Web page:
So how does the transference of a virus lead to a pandemic & why is it such a challenge to track & treat a virus once it reaches pandemic status?

As we explored last week, an archived IPCC report identified the upsurge in zoonotic disease, epidemics & pandemics & cited a:

‘resurgence of infectious diseases in the past few decades, including vector-borne diseases, has resulted primarily from demographic and societal factors—for example, population growth, urbanization, changes in land use and agricultural practices, deforestation, international travel, commerce, human and animal movement, microbial adaptation and change, and breakdown in public health infrastructure’ (3)

This break down in our biodiversity & the international global movements of humans & animals, has paved the way for infectious diseases to run riot in the right environment. A virus needing a host to survive, is well matched to a densely populated area such as Wuhan where it can thrive. Being microscopic, it’s transference abilities are incredible & can multiply at an alarming rate.

One way in which epidemiologists can predict the spread of a pandemic, is through the R0, commonly known as the R-naught. R-naught is the reproductive number of a virus & is used to identify how many people can be infected from one human host.

‘The formal definition of a disease’s R0 is the number of cases, on average, an infected person will cause during their infectious period. (4)

The basic reproduction number represents the maximum epidemic potential of a pathogen. It describes what would happen if an infectious person were to enter a fully susceptible community, and therefore is an estimate based on an idealized scenario. (4)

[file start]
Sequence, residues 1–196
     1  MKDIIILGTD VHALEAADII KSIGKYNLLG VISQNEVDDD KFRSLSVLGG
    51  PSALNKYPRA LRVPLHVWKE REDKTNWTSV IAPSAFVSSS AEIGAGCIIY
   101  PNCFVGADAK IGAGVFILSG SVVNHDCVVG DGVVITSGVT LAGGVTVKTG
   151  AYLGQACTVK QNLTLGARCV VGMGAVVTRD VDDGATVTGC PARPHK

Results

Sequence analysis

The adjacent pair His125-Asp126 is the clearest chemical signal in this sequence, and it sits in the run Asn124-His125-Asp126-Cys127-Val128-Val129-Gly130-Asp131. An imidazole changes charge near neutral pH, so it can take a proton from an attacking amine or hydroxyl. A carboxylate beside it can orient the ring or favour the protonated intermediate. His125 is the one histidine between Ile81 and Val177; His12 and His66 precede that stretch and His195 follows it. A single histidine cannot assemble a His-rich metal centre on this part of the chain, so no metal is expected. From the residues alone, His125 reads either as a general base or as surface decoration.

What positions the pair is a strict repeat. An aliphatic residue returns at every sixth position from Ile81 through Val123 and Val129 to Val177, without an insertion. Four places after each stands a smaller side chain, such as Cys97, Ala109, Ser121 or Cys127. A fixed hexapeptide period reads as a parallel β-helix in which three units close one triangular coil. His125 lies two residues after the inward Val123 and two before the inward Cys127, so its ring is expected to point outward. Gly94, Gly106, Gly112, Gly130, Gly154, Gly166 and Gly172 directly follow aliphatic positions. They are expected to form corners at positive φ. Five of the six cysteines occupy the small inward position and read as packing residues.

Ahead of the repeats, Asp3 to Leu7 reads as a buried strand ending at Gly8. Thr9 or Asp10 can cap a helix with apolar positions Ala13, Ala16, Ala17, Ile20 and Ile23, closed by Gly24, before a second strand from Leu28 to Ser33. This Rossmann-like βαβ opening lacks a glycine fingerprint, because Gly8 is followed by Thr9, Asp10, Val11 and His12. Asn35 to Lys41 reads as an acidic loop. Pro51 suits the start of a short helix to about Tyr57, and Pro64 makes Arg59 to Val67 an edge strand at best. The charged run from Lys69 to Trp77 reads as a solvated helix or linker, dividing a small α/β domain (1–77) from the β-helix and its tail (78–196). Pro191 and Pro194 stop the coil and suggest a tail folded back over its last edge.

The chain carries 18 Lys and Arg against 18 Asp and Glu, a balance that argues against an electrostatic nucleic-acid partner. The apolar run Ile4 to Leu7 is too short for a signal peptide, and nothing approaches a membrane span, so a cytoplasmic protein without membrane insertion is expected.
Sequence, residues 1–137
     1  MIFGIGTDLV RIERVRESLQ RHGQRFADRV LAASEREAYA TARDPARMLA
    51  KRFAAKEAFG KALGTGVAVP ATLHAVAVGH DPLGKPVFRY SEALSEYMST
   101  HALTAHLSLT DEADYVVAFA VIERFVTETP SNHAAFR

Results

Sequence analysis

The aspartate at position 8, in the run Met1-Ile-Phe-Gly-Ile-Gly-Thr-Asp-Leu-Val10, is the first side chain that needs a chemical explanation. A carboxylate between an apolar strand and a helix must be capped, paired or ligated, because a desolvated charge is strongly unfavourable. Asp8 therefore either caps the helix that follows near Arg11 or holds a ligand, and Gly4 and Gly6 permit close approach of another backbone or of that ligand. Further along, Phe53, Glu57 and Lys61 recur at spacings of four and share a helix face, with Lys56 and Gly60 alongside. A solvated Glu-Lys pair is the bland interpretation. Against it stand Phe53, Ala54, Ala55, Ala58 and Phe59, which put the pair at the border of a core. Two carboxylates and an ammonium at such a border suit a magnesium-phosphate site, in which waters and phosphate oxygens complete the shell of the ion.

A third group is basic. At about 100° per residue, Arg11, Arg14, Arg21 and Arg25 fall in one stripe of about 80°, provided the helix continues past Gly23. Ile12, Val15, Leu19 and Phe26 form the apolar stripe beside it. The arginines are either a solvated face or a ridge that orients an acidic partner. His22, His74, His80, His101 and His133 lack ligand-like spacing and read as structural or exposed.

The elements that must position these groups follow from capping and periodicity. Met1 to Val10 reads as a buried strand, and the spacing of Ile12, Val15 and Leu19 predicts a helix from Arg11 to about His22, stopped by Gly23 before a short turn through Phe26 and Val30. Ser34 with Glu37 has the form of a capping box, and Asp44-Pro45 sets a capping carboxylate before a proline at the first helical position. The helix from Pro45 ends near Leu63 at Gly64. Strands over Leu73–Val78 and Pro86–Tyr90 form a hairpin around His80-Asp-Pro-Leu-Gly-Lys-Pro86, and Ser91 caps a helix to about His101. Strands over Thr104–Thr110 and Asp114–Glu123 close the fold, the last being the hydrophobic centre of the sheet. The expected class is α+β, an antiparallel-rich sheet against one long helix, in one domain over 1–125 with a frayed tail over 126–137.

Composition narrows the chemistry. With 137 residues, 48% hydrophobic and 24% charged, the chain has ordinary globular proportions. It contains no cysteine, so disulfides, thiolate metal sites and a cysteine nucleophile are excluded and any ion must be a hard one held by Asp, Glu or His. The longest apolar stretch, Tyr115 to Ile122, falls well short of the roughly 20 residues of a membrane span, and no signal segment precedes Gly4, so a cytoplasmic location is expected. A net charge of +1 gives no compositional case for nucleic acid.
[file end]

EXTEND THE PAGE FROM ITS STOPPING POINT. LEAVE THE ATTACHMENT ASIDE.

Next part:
A number of groups have estimated the R0 for this new coronavirus. The Imperial College group has estimated R0 to be somewhere between 1.5 and 3.5. Most modelling simulations that project future cases are using R0s in that range.’ (4)

With the R-naught for COVID 19 still being fathomed, humans are still only able to follow the guidelines of the scientific & medical sector & try as much as we can to break the chain of infection. By breaking the chain, this would give the human race an opportunity to reduce the number of infections & in doing so identify the R-naught. Once this data has been established, tracking & treating the virus could become easier, as the infection chain amongst humans can be extinguished.

Until this time, the social distancing measures & avoidance of all social gatherings, transference from home to home & all of the other factors being adopted globally, are currently our only line of defence against this microscopic menace & with international Governments working tirelessly to find effective drug treatments & a vaccine; we are still some months away from seeing life returning to whatever our future will look like beyond this global pandemic.

Written by Katy-Jane Mason for & on behalf of Dolphin N2.

  1. https://science.howstuffworks.com/life/cellular-microscopic/virus-human1.htm
  2. https://www.livescience.com/coronavirus-not-human-made-in-lab.html
  3. https://archive.ipcc.ch/ipccreports/tar/wg2/index.php?idp=358
  4. https://labblog.uofmhealth.org/rounds/how-scientists-quantify-intensity-of-an-outbreak-like-covid-19